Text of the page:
Some people argue with the fact that social media is not good for mental health. Others go in favor of it saying that getting on it gives them a boost but especially depending on how much you spend your time on it. Different studies have found correlations between higher social media use and deteriorated mental health, including depression, anxiety, feelings of loneliness and isolation, and lower self-esteem.
In this regard, a new study not only explains the effect of excessive social media use and poor mental health but also highlights that how you spend your time on social media actually has huge effects on mental health.
The study carried out at the University of Pennsylvania and published in the Journal of Social and Clinical Psychology. Around140 undergraduates were asked to either keep using their regular use of social media including Facebook, Snapchat, and Instagram or to restrict each one to 10 minutes per day. The participants also provided data from their phones to show precisely how much time they were actually spending on these apps, rather than counting on memory, which can be unreliable.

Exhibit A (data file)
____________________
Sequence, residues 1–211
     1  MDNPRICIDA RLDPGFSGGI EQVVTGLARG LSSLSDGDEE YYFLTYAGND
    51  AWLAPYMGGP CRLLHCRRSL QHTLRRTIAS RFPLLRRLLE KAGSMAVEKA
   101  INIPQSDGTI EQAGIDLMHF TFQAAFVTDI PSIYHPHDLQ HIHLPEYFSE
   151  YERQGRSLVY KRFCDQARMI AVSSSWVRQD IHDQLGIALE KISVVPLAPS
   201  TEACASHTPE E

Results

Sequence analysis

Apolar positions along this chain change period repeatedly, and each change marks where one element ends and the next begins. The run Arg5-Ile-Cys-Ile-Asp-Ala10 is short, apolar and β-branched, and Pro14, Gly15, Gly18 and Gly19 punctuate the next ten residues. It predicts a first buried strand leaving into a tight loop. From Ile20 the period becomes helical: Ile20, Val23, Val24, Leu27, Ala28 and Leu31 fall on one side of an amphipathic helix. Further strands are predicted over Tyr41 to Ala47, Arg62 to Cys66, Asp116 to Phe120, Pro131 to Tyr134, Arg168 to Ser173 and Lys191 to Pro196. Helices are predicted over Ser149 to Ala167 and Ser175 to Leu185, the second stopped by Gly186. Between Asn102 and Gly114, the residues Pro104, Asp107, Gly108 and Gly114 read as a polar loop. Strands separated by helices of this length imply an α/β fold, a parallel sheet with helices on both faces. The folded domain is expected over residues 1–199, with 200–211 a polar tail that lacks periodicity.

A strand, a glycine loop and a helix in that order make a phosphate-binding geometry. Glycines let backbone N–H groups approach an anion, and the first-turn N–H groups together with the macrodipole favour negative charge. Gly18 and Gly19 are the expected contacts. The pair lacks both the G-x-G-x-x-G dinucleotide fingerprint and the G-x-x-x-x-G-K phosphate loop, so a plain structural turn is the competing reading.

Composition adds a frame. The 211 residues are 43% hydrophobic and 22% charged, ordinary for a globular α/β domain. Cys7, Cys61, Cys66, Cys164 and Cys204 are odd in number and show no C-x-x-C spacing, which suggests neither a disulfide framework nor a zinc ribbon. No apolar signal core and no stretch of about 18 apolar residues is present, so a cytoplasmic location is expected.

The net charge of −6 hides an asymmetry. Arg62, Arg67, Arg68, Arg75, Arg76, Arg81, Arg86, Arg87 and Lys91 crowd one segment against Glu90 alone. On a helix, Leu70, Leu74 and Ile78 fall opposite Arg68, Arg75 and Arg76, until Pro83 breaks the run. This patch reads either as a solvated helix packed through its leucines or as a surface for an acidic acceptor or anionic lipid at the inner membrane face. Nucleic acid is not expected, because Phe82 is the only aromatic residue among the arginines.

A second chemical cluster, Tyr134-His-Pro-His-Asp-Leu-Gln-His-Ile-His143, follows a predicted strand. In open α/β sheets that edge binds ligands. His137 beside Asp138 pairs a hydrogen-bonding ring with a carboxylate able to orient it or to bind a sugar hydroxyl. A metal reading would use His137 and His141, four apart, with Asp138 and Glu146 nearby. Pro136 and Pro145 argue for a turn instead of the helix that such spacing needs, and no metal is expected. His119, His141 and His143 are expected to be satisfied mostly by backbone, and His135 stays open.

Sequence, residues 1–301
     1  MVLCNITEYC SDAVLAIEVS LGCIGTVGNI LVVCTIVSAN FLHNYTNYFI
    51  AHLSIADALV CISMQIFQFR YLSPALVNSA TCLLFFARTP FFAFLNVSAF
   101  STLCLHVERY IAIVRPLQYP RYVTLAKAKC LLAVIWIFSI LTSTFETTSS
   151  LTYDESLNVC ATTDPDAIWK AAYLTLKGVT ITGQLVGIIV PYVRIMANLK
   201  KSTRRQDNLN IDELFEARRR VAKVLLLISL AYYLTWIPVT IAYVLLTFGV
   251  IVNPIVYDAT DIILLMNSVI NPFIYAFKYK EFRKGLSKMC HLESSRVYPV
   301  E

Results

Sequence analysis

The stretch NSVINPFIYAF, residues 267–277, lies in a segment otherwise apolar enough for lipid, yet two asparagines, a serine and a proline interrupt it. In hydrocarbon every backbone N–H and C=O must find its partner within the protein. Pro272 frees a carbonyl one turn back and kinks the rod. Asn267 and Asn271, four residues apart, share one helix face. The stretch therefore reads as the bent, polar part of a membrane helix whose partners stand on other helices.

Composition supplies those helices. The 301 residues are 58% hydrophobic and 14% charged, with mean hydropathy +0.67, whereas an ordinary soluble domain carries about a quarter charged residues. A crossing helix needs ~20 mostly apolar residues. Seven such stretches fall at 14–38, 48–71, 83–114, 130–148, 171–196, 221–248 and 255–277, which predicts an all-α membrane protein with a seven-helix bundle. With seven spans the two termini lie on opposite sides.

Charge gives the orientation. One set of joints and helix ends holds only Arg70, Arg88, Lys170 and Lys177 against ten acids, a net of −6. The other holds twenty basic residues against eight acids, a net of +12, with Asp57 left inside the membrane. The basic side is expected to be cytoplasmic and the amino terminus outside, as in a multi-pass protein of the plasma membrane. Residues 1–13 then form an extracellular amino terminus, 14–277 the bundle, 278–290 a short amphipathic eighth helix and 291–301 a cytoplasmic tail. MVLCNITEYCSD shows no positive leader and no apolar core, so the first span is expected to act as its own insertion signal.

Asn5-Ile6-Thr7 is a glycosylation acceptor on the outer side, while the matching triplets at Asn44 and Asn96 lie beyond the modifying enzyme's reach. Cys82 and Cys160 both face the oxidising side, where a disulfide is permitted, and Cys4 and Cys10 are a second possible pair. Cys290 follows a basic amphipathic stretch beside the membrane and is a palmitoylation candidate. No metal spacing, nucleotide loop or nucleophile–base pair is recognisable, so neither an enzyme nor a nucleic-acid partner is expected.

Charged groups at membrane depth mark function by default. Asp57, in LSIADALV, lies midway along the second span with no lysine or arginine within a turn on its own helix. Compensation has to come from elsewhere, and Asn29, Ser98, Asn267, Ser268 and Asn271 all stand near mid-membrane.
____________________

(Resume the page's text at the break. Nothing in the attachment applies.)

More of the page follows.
Before and after the study, the participants also filled out questionnaires so the researchers could understand how they were doing psychologically and inform about their current mental health. Most of them were particularly experiencing anxiety, loneliness, depression, and the famous “fear of missing out,” or FOMO.
People who stopped using their social media use to 30 minutes observed a huge difference in their personality and felt significantly better after the three-week period, reporting a decrease in depression and loneliness, especially those who participated into the study with higher levels of depression and other neuropsychological behaviors. Surprisingly enough, both groups reported less FOMO and less anxiety at the end of the study, which the researchers suggested may just be a resulting benefit of increased self-monitoring and reduced use of social media.
“Here’s the bottom line,” said study author Melissa G. Hunt in a statement. “Using less social media than you normally would leads to significant decreases in both depression and loneliness. These effects are particularly pronounced for folks who were more depressed when they came into the study.”
“It is a little ironic that reducing your use of social media actually makes you feel less lonely,” said Hunt. “Some of the existing literature on social media suggests there’s an enormous amount of social comparison that happens. When you look at other people’s lives, particularly on Instagram, it’s easy to conclude that everyone else’s life is cooler or better than yours.”